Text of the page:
What are good examples of person vs. person (jealousy) conflict in Macbeth?

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elenacaban eNotes educator| Certified Educator

There are many instances of jealousy between characters in Macbeth. Macbeth is clearly jealous of King Duncan's power, but he also seems to harbor a similar, if not less explicit envy toward Banquo. Banquo is Macbeth's foil, in that he is honorable; also, in Act IV, the witches conjure eight kings who resemble Banquo ('For the blood-bolter'd Banquo smiles upon me / and points at them for this'). The message is clear: Banquo's heirs will be powerful kings. In this way, the slain man once again succeeds where Macbeth has failed (that is, in terms of having sons and heirs).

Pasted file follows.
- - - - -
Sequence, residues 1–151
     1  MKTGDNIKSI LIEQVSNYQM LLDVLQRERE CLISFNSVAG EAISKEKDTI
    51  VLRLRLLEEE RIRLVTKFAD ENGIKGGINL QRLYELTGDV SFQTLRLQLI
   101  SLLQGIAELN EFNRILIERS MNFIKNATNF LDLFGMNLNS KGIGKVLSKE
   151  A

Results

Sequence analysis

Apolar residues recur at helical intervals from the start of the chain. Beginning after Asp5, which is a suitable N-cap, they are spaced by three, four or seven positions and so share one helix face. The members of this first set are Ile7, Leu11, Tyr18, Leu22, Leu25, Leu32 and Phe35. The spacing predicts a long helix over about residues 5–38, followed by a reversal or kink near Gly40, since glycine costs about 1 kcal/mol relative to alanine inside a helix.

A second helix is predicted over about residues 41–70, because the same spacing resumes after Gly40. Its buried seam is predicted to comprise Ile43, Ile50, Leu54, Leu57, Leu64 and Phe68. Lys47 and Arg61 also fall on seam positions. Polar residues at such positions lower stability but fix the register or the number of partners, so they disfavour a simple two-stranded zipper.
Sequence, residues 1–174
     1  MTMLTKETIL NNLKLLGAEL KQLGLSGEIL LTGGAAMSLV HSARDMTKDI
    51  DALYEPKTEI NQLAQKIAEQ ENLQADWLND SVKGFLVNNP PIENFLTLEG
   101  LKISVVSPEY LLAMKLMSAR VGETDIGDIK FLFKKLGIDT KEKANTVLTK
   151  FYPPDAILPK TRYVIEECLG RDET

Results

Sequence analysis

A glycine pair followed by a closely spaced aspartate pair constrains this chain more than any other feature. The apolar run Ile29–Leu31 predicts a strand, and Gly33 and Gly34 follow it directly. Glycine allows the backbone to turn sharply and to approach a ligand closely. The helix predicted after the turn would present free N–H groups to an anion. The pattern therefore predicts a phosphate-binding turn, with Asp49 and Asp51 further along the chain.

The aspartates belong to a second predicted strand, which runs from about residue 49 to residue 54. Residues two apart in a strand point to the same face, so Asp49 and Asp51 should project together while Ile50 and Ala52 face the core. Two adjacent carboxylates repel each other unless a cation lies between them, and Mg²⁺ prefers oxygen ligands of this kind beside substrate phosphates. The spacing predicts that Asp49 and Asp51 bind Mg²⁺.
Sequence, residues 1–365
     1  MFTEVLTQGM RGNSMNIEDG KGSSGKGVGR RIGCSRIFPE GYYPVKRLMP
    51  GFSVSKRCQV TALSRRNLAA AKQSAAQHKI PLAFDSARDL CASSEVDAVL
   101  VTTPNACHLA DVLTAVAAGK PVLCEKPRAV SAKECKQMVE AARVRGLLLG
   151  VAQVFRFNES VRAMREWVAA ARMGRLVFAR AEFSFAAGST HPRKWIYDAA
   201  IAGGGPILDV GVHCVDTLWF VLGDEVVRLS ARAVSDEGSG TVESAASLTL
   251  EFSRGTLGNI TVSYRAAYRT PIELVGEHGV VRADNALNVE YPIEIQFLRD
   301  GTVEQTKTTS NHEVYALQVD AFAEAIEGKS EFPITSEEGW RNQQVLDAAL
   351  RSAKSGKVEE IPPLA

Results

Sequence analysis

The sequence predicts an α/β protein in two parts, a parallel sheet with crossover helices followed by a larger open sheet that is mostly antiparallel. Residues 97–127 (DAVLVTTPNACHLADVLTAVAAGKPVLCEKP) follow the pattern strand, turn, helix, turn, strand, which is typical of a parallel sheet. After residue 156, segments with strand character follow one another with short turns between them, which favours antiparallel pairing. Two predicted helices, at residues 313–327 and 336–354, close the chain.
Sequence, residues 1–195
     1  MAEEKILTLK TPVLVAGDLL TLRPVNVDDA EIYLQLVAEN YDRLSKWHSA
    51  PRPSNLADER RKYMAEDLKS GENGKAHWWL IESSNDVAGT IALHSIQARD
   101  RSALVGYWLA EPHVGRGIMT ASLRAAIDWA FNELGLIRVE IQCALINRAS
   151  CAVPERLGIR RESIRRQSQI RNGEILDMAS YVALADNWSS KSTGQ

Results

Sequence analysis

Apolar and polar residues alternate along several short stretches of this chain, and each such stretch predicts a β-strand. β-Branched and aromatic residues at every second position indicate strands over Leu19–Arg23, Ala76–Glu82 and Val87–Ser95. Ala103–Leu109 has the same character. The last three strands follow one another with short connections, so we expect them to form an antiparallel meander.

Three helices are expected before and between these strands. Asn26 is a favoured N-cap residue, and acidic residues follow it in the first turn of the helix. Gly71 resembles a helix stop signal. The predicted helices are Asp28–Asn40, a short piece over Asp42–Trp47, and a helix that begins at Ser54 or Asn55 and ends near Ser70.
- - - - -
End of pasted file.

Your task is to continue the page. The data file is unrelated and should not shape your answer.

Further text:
It could also be argued that Lady Macbeth is generally envious of men, who are able to wield power in ways she cannot (see Act II, 'Come, you spirits / unsex me here'). Last, toward the end of the play, Macbeth seems to envy those who are not plagued by a guilty consciousness (see Act I, especially 'Macbeth shall sleep no more').